The blog for Mets fans
who like to read

ABOUT US

Jason Fry and Greg Prince
Faith and Fear in Flushing made its debut on Feb. 16, 2005, the brainchild of two longtime friends and lifelong Met fans.

Greg Prince discovered the Mets when he was 6, during the magical summer of 1969. He is a Long Island-based writer, editor and communications consultant. Contact him here.

Jason Fry is a Brooklyn writer whose first memories include his mom leaping up and down cheering for Rusty Staub. Check out his other writing here.

Got something to say? Leave a comment, or email us at faithandfear@gmail.com.

Need our RSS feed? It's here.

Visit our Facebook page, or drop by the personal pages for Greg and Jason.

Or follow us on Twitter: Here's Greg, and here's Jason.

Time Was...

Well, thanks Ollie. That was memorable.

What better time to rewind for a belated look at last night’s celebration? (Apologies for the “belated” part — your correspondent arrived exhausted and slept like a dead thing.)

The Mets did a nice job with the ceremony: There was Howie Rose behind his podium, scenes from ’69 on the big board, and other little touches — I particularly liked that the 2009 Mets appeared on the scoreboard in replica 1969 baseball cards, with images of Topps’ real cards for Tom Seaver and Tommie Agee behind them. I even liked the cream-colored jerseys — there’s something faintly off about old men in regulation uniform tops, so why not have them wear jerseys with a certain patina? The Mets fans applauded mightily — the biggest cheers were for Yogi Berra, Tom Seaver, Nolan Ryan and Ralph Kiner, though Joan Hodges and Joye Murphy got their due, as they should for every visit — and the Phillies fans (of whom there were far too many) watched respectfully. A rare bipartisan moment: The image of Tug McGraw, a World Series hero for both teams, was greeted with rapturous applause from all sections of Citi Field. (The game that followed can be summed up simply: Tim Redding — of all people — was great, but nobody else was.)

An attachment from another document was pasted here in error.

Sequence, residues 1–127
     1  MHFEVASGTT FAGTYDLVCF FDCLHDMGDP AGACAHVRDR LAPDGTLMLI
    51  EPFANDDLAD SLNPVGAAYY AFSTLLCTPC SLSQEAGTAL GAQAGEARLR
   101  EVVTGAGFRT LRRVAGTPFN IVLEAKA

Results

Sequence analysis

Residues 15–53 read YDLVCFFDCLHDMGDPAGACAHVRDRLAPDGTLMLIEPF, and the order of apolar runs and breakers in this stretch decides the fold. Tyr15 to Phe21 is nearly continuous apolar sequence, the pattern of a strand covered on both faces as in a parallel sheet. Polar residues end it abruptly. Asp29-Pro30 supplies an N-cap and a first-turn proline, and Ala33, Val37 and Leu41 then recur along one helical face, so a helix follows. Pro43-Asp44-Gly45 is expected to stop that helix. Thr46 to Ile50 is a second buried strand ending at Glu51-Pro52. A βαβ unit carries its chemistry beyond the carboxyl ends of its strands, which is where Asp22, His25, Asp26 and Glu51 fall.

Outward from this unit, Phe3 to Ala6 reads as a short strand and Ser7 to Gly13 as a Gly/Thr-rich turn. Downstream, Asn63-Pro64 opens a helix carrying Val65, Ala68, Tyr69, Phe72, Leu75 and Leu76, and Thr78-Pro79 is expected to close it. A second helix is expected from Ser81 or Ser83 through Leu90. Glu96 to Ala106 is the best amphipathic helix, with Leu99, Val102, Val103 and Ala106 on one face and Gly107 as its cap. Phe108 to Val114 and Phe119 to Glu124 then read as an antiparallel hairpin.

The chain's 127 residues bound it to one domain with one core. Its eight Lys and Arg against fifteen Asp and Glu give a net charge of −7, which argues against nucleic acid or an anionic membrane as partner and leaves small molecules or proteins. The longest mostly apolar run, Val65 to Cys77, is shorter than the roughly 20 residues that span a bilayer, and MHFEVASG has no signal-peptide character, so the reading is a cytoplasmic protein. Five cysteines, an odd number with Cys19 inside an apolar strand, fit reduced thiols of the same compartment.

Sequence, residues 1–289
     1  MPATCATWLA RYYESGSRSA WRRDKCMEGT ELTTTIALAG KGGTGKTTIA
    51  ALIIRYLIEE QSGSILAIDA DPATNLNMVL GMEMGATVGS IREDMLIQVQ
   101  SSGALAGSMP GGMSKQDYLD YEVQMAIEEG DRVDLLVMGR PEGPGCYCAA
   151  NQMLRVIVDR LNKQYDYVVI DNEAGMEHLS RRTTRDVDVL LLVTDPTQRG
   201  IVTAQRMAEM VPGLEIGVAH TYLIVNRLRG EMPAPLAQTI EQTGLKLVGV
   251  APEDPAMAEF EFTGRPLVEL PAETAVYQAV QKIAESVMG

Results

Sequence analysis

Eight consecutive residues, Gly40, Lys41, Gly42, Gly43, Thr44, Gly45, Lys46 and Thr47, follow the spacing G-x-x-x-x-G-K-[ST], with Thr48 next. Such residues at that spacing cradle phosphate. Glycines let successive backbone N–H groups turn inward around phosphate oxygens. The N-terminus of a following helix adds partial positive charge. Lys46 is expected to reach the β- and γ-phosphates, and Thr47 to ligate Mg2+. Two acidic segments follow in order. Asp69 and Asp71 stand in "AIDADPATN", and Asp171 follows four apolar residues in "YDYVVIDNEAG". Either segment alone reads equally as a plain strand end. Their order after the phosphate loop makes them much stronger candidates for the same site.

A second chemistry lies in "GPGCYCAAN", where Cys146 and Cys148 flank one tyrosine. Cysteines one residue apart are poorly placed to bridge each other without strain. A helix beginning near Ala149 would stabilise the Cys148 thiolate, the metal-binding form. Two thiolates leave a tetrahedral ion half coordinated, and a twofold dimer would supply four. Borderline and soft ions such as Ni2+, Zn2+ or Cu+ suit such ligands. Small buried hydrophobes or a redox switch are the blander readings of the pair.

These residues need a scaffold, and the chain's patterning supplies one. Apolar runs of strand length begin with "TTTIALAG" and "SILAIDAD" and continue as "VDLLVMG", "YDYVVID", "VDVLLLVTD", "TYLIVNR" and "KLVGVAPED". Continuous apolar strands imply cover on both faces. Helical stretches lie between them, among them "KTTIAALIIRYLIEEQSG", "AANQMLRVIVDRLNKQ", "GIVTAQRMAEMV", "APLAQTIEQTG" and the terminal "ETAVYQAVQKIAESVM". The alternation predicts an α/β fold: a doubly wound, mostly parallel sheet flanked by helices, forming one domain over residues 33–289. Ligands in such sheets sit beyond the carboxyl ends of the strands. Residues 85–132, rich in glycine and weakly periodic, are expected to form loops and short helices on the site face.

I’ve said before what the ’69 Mets taught me, but that post was about growing up with them as not-so-distant history, not seeing them in the flesh as men in their 60s and 70s. I was sitting in the Pepsi Porch with my friends Erin and Kent, and at one point I found myself trying to explain the ’69 Mets to Erin, who wanted to know why on earth the Mets were showing old footage of a cat wandering around on a baseball field. (Hey, if you’re not steeped in Mets lore it’s a perfectly good question.) I told her what I could, but no hasty conversation in a ballpark can ever sum up the ’69 Mets. They’d never been good, then it all came together, and somehow they beat the Orioles and were World Champions. And there was this cat, and these amazing catches by Agee and an even more amazing one by Swoboda, and then they went on the Ed Sullivan Show…. I did what I could, nudging Erin to watch the Agee catches and Swoboda diving and rolling over, but it was a feeble substitute for the glee and happy disbelief of a summer of faith rewarded. (And I only know it secondhand — what I know is just a shadow of what Greg remembers through a child’s eyes and Joe D. witnessed.)